Friday, 4 January 2013

3 January 1913 & Vintage horse drawn transport

Today's blog is a little late, apologies, but I didn't want to skip it as I found so many lovely photos to share (the rest, as usual are on tumblr, with sources) .

1913 Metropolitan Horse Carriage Cover by Edward Penfield
Although cars were becoming more popular in 1913, the main form of transport for most ordinary people was still the horse.  If you have read my blog for a while, you will know I am a horse lover - this would be my ideal!

Mary and Susan Lytherleigh  in a carriage drawn by two horses emerging from a driveway in Casterton, Victoria, in around 1905.

 My grandmother talks of riding in a horse and cart to go to town once a month when she was a little girl in the 1920s.  She grew up in country Victoria, near the Murray River, and I can imagine that she would have experienced this once or twice.
Horse and carriage crossing a creek in NSW, 1914
Horses and horse drawn transport was available to women in the country, and they were able to be quite self sufficient in travelling. Driving an automobile was not only expensive at the time, but required lessons and practice, and many people in the country didn't' even know someone who owned car.

Group of Women With Horse Drawn Carriage, Avoca, Victoria, c. 1915  
Family groups were often large 100 years ago, but everyone could fit in the cart it seems.

A family group in a horse drawn carriage on a mountain road in Tasmania, 1913.

 Even very large group of people could travel in an ordinary cart, as long as there were enough horses to pull it!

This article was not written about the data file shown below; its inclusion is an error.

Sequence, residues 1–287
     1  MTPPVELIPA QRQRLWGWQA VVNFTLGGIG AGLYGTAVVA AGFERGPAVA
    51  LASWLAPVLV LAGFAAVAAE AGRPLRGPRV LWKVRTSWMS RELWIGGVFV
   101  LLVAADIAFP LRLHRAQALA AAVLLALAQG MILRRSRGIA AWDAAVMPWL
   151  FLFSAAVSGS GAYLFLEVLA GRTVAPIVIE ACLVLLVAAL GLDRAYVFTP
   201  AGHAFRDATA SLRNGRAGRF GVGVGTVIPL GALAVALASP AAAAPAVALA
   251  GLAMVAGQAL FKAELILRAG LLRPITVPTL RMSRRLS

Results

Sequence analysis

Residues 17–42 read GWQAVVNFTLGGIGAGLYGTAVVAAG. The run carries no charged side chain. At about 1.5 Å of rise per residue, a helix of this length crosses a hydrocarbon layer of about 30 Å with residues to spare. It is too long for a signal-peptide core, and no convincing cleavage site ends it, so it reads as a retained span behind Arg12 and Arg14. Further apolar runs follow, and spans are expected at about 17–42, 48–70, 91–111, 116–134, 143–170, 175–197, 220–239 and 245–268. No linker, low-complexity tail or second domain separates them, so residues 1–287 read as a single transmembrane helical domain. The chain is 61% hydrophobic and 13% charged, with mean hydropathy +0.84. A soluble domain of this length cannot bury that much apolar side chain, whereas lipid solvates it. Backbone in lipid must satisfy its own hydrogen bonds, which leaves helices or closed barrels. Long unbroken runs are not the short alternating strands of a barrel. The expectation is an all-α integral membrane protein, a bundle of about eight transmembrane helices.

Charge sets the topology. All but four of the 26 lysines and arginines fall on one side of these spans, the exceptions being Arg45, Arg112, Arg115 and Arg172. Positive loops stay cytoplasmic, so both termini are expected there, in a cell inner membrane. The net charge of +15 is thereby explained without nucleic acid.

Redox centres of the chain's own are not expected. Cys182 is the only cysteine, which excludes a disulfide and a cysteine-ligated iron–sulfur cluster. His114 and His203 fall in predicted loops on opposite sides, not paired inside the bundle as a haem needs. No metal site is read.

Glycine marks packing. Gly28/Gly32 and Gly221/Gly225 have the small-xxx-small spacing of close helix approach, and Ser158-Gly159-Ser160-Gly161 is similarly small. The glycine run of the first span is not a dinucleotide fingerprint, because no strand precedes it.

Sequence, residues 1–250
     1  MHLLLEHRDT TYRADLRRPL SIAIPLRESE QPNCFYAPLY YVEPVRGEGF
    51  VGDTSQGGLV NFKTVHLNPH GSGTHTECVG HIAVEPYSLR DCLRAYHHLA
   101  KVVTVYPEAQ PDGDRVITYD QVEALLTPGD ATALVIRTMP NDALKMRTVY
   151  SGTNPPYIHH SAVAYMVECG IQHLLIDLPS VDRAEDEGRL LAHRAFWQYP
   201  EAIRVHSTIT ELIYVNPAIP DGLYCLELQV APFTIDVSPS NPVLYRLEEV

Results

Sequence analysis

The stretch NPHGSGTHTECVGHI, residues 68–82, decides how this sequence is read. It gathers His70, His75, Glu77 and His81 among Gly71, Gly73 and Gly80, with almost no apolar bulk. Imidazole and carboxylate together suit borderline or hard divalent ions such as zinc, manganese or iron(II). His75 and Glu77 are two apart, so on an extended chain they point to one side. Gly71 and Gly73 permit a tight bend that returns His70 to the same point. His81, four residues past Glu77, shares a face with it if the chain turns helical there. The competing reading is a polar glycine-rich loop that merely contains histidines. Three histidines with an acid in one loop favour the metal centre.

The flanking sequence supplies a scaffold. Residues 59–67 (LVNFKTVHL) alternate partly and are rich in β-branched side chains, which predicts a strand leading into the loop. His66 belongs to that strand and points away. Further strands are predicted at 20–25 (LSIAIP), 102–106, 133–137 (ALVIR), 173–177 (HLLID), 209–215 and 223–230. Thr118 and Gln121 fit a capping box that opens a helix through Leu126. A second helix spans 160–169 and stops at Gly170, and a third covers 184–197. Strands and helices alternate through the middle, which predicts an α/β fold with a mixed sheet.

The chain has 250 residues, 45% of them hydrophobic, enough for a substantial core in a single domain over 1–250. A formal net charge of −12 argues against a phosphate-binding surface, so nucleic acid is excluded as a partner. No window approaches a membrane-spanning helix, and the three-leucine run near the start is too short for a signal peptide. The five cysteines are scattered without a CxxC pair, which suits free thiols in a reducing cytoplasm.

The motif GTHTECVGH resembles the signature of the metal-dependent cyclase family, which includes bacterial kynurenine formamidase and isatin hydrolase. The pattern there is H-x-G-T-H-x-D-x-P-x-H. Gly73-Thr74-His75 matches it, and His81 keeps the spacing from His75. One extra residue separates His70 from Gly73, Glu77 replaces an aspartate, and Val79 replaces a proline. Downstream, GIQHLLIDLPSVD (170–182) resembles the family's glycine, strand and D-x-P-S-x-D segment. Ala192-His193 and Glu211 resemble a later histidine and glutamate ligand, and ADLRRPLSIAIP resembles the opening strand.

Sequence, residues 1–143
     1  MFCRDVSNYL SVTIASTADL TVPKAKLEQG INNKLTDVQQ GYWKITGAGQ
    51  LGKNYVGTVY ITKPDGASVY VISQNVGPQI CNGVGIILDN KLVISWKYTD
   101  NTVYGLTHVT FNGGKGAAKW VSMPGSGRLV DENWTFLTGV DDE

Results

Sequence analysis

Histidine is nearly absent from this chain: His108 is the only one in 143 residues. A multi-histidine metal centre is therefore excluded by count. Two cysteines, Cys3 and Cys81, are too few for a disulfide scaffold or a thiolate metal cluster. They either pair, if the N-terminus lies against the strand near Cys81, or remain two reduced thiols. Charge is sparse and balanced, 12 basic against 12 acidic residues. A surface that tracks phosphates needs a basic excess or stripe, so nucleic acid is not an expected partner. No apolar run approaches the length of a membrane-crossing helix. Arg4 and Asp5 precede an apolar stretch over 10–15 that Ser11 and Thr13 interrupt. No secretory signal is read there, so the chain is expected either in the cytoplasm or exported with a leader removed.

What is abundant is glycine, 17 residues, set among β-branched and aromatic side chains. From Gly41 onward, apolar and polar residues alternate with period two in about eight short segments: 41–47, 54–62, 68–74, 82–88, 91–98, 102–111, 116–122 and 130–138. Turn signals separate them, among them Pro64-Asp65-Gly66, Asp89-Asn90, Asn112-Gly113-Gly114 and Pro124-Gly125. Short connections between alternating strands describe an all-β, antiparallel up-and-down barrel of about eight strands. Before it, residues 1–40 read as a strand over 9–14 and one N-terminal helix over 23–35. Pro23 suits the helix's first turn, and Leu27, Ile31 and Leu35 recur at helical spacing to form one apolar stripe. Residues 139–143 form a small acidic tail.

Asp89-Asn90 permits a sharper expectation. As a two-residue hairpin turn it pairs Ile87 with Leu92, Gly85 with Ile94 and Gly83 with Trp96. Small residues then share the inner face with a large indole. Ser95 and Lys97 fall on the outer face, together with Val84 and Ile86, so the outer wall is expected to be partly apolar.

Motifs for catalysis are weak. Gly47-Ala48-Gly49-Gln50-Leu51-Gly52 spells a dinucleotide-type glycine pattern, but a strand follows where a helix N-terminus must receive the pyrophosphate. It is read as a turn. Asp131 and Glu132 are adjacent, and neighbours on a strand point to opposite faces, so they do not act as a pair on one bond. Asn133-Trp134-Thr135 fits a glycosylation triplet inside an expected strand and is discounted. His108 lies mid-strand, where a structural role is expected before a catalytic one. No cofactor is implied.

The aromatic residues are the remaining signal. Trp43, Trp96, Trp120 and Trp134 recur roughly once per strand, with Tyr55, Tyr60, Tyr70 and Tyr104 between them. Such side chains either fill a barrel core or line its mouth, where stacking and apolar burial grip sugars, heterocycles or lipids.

A large group of women descending Mt Wellington, Tasmania in an usual five-team horse-drawn carriage, 24 Dec 1912

Horse drawn vehicles were used for deliveries of milk, bread, groceries and beer.  My grandfather used a horse and cart to deliver groceries in Melbourne in the late 1950s, and I can remember the clip clop of horses hooves on milk rounds in Melbourne until the mid 1970s.
Queensland Brewery delivery cart with driver, Brisbane 1913 
The Carlton Draught Beer Clydesdales still make appearances throughout various towns and at special events (such as the AFL Grandfinal, below), however they travel by truck to get to various events now.
Getting ready for the grandfinal
Horse transport in Australia was used instead of rail or motor transport for timber and wool during WWI and into the 1920s.

Horse teams and wagons laden with wool bales Isisford , 1915

The one form of horse transport we never had in Australia, as far as I can find out, was the sleigh.  I would so love to travel this way one day.

Toronto, Horse-drawn sleigh, 1913

I would also love to participate in pleasure driving one day, and recapture and experience a bit of the past, but I don't believe horse and carriages should be on our busy modern streets.  Not only is there way too much traffic, most modern motorist are ignorant about horses and don't know they should slow down around them. Unfortunately our society as a whole is way so mechanized that we live life at way too fast a pace to tolerate a horse and cart going at a mere 5 miles or 10 km an hour. In some countries however, horses are still a way of life......

One of the scores of horse-drawn carts in Transylvania, c. 2011
Why did we move from horses at all?

It does look a lot easier, doesn't it?!

Deb xx

1 comment:

  1. these pics are great. I reckon it would be a lot cheaper to fuel the horses than my land rover!!


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